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Fields and ForcesTopic 9.1 Projectile Motion
Components of Motion  When a body is in free motion, (moving  through the air without any forces apart from  gravity and a...
Therefore if the motion of the projectile isresolved into the vertical and horizontalcomponentsThe horizontal component wi...
These two components can beconsidered as independent factors inthe motion of a projectile in a uniformfieldIn the absence ...
Solving Problems  In solving problems it is necessary to  consider the 2 components  independently
Therefore the horizontal motion it isnecessary to use the equationspeed = distance          timeWhere speed is the horizon...
Therefore the vertical motion it isnecessary to use the kinematicequations for uniform accelerationi.e. Using the s.u.v.a....
Example A ball is kicked at an angle of 40.0o with a velocity of 10.0 ms-1. Taking g = 10 ms–2. How far does it travel hor...
To be able to calculate the horizontaldistance we need to know thehorizontal speed, and the time.The horizontal distance i...
However, to calculate the time we willneed to use the vertical component andthe s.u.v.a.t. Equations
s=?u = 10.0 sin 40.0o ms-1v=?a = -10.0 ms-2 (Up is positive, thereforeacceleration here is negative)t=?We only have 2 of t...
However, if we ignore air resistance,then the final vertical component of thevelocity will be equal and opposite ofthe ini...
v = u + atRearranging to make t the subjectt=v–u      aSubstitute int = -10.0 sin 40.0o – 10.0 sin 40.0o                  ...
Now returning to the horizontalcomponentsUsing speed = distance                   timeRearranging distance = speed x timeD...
Using the Conservation ofEnergy  In some situations the use of the conservation  of energy can be a much simpler method th...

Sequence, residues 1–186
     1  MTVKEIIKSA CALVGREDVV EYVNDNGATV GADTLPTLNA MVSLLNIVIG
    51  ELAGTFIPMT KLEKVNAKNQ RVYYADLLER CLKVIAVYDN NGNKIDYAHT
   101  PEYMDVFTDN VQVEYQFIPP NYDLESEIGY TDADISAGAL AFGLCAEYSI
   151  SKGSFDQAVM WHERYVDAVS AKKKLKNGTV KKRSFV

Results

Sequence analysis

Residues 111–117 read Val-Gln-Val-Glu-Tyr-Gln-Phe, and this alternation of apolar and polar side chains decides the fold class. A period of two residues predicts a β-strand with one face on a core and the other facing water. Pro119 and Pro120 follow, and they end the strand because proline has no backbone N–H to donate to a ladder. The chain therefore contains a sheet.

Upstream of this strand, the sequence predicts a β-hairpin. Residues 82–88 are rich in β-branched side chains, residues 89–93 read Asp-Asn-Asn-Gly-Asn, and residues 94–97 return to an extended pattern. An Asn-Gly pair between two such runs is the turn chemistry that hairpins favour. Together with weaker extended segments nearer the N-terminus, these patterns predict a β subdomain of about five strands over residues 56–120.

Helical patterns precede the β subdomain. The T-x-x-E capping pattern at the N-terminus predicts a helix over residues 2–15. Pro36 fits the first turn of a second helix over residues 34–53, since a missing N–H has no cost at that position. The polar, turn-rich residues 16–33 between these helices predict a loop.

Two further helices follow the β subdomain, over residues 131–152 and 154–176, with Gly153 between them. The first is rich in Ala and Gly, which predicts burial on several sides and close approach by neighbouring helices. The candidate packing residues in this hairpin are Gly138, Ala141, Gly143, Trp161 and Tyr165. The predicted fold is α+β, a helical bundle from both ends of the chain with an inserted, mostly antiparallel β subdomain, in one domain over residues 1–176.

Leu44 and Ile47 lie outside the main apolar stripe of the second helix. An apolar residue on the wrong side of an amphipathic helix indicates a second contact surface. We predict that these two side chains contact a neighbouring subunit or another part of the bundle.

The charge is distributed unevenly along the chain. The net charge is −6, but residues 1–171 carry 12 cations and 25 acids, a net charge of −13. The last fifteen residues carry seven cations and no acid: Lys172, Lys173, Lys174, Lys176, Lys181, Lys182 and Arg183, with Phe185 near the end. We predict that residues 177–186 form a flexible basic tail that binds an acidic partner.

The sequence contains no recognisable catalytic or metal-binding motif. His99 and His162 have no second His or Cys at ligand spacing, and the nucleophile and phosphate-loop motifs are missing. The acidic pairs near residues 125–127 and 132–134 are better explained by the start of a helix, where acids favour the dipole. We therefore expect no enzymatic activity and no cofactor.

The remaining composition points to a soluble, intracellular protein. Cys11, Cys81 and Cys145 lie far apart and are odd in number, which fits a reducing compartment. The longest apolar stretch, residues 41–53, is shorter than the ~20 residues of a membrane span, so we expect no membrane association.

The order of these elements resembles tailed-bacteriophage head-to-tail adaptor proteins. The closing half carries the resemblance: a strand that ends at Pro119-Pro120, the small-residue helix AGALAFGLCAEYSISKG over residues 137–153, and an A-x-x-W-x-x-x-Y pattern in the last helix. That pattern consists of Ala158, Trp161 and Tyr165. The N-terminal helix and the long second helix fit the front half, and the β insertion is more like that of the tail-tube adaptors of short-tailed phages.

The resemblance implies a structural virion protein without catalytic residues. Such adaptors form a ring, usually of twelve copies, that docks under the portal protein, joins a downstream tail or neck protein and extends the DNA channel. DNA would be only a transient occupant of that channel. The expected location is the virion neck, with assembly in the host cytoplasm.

Example A ball is projected at 25.0 ms-1 at an angle of 40.00 to the horizontal. The ball is released 2.00m above the grou...
Solution                   B                       v = vhorizontal                   H       25.0 ms-1A    2.0m
Total energy at A is given byEk + Ep = ½ m (25.0)2 + mg x 2.0       =312.5m + 20m       = 332.5m
Next, to find the total energy at B weneed to know the velocity at B, which isgiven by the horizontal component ofthe velo...
Equating the 2 equations332.5m = 183.38m + 10mH332.5 = 183.38 + 10H332.5 – 183.38 = 10H10H = 149.12H = 14.912 = 14.9m
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Topic 9 Motion in Fields 9.1

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Transcript of "Topic 9 Motion in Fields 9.1"

  1. 1. Fields and ForcesTopic 9.1 Projectile Motion
  2. 2. Components of Motion When a body is in free motion, (moving through the air without any forces apart from gravity and air resistance), it is called a projectile Normally air resistance is ignored so the only force acting on the object is the force due to gravity This is a uniform force acting downwards
  3. 3. Therefore if the motion of the projectile isresolved into the vertical and horizontalcomponentsThe horizontal component will be unaffectedas there are no forces acting on itThe vertical component will be accelerateddownwards by the force due to gravity